Fishing is the main activity contributing to the pressures in the Azores ecoregion. Commercial demersal fisheries take place in coastal areas (using handlines and gillnets), using bottom longlines and handlines on the slopes and in the deep seas. Fisheries for large pelagics use surface longlines as well as pole and line, and fisheries for small pelagics use purse-seines. The bulk of the fisheries, both pelagic and demersal, occur at depths of less than 700 m. Fishing is prohibited below 800 m in the ecoregion. Other fisheries also occur seasonally in some coastal areas, such as the hand harvesting of littoral invertebrates and a trap fishery for benthic crustaceans. Recreational fishing is a relatively important activity because of increasing levels of tourism. Bottom trawling has been banned since 2005.
The majority of the fisheries in the ecoregion is performed by Azorean vessels, with only a small proportion of the catch taken by vessels from the mainland of Portugal and from Spain (swordfish surface longliners).
Around 90% of the vessels in the Azorean fleet are less than 12 m, and the fleet is licensed to target several species. Demersal and tuna are the most important fisheries (representing on average almost 80% of the total landings in weight). The fishery is flexible, however, changing the target according to species abundance and market price.
Recreational fishery is also an important component, targeting littoral/coastal resources, demersals, and large pelagics; this trend is increasing because of an increase in tourism.
Fish stocks in the Azores ecoregion are typically part of stocks with a broad distribution, thus the state of stocks is affected by pressures over a wider area than just the ecoregion itself. Most of the demersal/deep-water, small pelagic, and tuna resources are monitored and routinely assessed by ICES or ICCAT. Out of those it is only tunas that have an analytical assessment, with the other fished species managed under the precautionary approach. Tunas, however, have a much broader distribution and the Azores fisheries have only a minor impact on the stock biomass. They will therefore not be considered here (see ICES Oceanic Northeast Atlantic Ecosystem Overview). For the other resources assessed under ICES, the key species that control the dynamics of the demersal/deep-water and small pelagic fisheries are shown on the figure on the right.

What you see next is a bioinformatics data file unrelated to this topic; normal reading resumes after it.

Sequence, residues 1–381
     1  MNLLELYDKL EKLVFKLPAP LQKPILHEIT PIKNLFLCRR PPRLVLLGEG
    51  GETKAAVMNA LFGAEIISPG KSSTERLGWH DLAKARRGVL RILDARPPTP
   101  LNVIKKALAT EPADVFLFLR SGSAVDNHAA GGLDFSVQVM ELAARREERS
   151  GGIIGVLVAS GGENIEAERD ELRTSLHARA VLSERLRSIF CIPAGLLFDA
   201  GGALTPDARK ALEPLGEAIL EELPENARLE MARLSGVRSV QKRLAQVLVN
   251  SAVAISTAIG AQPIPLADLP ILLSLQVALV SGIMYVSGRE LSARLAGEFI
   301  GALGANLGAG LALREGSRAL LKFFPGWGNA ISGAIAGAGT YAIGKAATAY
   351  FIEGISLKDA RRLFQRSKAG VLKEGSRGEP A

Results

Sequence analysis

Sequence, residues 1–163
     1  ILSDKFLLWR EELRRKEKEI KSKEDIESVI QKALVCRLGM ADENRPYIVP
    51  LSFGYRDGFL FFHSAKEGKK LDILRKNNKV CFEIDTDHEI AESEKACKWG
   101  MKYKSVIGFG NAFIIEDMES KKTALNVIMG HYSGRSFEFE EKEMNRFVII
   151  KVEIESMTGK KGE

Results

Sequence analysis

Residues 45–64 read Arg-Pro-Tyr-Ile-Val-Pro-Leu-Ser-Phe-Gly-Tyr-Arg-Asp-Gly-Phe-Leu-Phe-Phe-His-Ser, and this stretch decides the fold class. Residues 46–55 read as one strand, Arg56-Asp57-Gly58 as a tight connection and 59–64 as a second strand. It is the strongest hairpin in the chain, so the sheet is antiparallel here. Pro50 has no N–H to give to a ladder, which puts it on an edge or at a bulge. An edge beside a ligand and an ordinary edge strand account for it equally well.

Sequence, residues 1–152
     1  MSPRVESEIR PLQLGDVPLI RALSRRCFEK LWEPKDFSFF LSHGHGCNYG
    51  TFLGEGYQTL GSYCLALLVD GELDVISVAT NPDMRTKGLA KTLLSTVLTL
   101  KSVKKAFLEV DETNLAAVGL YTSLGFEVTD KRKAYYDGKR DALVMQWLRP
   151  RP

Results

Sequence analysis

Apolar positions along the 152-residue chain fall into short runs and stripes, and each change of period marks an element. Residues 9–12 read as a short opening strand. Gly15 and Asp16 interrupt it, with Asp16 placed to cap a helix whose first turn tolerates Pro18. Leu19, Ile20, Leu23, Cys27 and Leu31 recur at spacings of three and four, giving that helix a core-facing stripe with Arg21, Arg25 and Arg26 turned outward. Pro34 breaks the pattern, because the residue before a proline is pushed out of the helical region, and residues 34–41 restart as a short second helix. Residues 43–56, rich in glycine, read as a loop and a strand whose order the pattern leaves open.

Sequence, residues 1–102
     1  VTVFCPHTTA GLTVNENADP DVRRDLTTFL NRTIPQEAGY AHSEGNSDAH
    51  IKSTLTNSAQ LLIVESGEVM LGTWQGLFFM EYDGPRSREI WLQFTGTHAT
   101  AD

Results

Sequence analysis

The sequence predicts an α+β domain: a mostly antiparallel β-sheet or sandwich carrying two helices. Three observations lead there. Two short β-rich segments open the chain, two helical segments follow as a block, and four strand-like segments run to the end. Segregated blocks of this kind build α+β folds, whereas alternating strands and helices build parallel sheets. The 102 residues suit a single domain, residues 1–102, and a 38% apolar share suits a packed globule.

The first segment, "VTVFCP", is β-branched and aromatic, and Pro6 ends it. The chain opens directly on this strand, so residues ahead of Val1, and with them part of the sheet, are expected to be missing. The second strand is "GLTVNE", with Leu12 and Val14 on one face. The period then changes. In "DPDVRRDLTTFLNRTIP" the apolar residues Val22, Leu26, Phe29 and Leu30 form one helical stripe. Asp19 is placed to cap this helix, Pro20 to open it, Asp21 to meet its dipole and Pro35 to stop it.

Figure 3: Trends of landings and abundance indices for the main demersal/deep-water fish of the Azores.
Figure 4: Trends of landings and standardized abundance indices for the main small pelagic resources of the Azores.
Molluscs (Patella spp. and Megabalanus azoricus) have been heavily exploited commercially in the Azores ecoregion, and are now on the OSPAR list of threatened and declining species.
Seabirds and marine mammals
Observer programmes in Azorean fisheries have found few or no seabirds as bycatches. However, data on the incidental catch of seabirds are lacking for fisheries that use pole and line. There are negligible effects on marine mammals from Azorean fisheries, although interactions have been reported.